Elk NetworkJack Hodge Deer Hunt

Volunteer News | March 23, 2023

Hello, I am Jack Hodge I am 12 years old. I went hunting for deer at your youth hunt in Tillamook Oregon. The second I heard my dad say there was a hunt for youth 12-17, I knew we were going to be at the gates first thing it opened.

I would like to thank you guys at the Rocky Mountain. Elk Foundation for keeping kids into hunting. For example, I was so excited that my dad came up with this and I shot my first deer! I shot it with a 6.5 Creedmoor. And I am so happy to say I shot it on a youth hunt only here in Tillamook. And thank you guys so much for keeping us in the game and keeping us interested in such a wonderful sport.

Hunting all my life has meant so much to me, from getting the animal depending on what season it is, to the tracking and glassing. And when I hear that something is a youth hunt, that makes me more excited than I already am! If I couldn’t hunt all day I would fish and if I wasn’t doing either, then I would probably work on my gear.

The future of hunting or the next generation of hunting is in my and all other youth hunters’ hands, for example, kids like me in a few years will be managing and taking their kids to the wonderful places that our parents took us.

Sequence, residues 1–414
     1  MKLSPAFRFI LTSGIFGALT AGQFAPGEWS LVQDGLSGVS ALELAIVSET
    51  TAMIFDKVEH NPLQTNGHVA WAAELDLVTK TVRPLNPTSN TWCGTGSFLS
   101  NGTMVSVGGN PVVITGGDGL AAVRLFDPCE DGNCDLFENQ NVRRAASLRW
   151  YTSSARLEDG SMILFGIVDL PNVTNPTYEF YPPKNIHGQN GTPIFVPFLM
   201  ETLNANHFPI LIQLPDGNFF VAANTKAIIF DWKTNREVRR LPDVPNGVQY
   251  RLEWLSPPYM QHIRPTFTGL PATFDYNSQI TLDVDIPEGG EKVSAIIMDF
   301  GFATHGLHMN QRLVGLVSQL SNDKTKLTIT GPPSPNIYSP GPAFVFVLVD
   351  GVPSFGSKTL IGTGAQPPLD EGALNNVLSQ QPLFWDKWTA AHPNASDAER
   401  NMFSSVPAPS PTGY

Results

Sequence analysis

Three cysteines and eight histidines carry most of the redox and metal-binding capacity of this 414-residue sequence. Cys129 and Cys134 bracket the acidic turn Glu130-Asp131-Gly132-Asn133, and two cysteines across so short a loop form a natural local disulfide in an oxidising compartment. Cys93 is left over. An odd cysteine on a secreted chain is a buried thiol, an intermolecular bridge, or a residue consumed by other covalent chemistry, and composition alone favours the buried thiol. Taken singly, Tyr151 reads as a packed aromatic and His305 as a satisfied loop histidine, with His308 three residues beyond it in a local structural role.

I mow lawns to save up and I am thinking of buying a .270. I really hope I get an elk this year! Thank you again so much Rocky Mountain Elk Foundation. My first deer will never be forgotten.

-Jack K Hodge


Jack Hodge was able to shoot his first deer thanks to the RMEF Youth “First Time” Program in Oregon. The program guarantees big game hunting opportunities for youth ages 12-17 who have never taken an animal that they are drawn for.

Jack drew an antlerless deer tag last fall and was ecstatic. He had just passed his hunter safety class and was ready to hit the hills. Stimson Lumber closes off a section of their timberland property in Tillamook, Oregon for the hunt.

Jack’s father Ian says that Jack was learning how to glass and look on the hills when, on the second day of the season, they spotted a doe. Jack got out his shoot sticks, put a bead on the deer and shot it, then he learned how to field dress and skin the animal himself.

“Being with my son when he harvested and field dressed his first deer was one of our greatest bonding moments,” says Ian. “Almost immediately he better understood how hunting positively affects our lives and surrounding natural environments.”

Congratulations, Jack. We are rooting for you on your future hunts and hope you can fill your freezer with elk next!